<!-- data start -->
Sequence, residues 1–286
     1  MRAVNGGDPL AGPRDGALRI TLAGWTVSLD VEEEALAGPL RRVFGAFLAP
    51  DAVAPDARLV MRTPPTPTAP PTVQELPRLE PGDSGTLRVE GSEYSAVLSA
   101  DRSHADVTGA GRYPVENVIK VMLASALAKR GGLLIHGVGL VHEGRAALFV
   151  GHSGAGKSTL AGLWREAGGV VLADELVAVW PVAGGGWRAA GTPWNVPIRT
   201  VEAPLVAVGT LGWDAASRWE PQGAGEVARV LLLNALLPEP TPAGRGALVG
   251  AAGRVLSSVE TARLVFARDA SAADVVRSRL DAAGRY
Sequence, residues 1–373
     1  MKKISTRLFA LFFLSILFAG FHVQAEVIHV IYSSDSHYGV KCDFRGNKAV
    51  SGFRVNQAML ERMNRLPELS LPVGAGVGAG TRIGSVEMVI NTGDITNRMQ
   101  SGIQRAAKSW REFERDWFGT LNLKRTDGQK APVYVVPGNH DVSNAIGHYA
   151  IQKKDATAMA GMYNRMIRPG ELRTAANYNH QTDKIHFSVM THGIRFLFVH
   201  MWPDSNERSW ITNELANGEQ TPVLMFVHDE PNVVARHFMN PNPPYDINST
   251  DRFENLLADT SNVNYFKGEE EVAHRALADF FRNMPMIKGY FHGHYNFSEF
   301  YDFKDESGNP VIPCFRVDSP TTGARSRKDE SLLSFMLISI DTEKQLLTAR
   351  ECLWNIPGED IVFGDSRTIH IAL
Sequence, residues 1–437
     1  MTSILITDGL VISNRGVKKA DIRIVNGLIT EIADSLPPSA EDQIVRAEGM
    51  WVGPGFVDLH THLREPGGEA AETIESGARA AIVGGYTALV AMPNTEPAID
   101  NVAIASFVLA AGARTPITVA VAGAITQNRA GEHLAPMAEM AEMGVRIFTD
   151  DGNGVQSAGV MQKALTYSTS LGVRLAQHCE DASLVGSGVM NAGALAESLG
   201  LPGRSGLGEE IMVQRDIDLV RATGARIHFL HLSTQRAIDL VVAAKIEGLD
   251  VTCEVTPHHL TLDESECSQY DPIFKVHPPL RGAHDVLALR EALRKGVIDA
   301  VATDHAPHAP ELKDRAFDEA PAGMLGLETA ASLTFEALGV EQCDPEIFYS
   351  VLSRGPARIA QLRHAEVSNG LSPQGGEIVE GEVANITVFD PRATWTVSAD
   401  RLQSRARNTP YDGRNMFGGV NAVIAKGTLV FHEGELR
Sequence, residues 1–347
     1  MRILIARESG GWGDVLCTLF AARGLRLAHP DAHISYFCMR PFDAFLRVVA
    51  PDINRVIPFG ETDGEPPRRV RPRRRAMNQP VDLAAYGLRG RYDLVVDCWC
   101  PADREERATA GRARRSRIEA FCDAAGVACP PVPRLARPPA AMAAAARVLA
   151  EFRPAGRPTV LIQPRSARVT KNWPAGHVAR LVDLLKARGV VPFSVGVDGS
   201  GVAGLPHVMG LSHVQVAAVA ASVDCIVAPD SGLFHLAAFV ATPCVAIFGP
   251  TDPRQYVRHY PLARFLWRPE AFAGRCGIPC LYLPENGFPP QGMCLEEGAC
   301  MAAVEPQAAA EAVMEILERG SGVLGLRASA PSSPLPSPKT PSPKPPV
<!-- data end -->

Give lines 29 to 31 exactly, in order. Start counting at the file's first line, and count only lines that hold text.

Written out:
    51  PDINRVIPFG ETDGEPPRRV RPRRRAMNQP VDLAAYGLRG RYDLVVDCWC
   101  PADREERATA GRARRSRIEA FCDAAGVACP PVPRLARPPA AMAAAARVLA
   151  EFRPAGRPTV LIQPRSARVT KNWPAGHVAR LVDLLKARGV VPFSVGVDGS